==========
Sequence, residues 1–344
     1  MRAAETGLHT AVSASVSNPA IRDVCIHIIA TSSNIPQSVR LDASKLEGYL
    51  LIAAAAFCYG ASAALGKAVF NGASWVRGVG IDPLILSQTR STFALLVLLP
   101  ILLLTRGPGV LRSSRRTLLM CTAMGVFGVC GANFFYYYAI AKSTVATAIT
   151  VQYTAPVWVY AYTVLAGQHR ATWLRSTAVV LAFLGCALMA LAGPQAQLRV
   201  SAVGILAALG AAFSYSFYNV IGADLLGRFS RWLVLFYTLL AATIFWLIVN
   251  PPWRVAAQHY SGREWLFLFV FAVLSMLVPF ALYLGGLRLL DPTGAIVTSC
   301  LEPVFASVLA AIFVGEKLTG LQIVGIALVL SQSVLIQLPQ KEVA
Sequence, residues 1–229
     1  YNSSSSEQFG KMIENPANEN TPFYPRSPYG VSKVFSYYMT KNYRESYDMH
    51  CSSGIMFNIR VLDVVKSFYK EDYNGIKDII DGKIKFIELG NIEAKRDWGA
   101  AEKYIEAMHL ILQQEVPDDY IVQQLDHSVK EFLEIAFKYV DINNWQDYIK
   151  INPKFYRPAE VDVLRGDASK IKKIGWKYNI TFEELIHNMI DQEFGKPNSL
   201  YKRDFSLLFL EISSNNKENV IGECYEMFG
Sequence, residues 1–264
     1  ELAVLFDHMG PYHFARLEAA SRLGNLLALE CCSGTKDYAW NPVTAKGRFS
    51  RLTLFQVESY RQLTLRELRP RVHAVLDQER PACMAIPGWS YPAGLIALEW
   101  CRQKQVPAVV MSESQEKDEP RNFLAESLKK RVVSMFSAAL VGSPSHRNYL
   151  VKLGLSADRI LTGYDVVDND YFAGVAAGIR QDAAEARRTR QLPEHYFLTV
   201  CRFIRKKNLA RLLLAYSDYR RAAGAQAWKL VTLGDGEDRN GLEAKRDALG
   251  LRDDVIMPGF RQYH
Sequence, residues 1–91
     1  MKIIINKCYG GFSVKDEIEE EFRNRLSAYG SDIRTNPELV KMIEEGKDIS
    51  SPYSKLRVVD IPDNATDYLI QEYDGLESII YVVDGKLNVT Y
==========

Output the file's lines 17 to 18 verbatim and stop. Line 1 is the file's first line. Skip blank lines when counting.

    51  RLTLFQVESY RQLTLRELRP RVHAVLDQER PACMAIPGWS YPAGLIALEW
   101  CRQKQVPAVV MSESQEKDEP RNFLAESLKK RVVSMFSAAL VGSPSHRNYL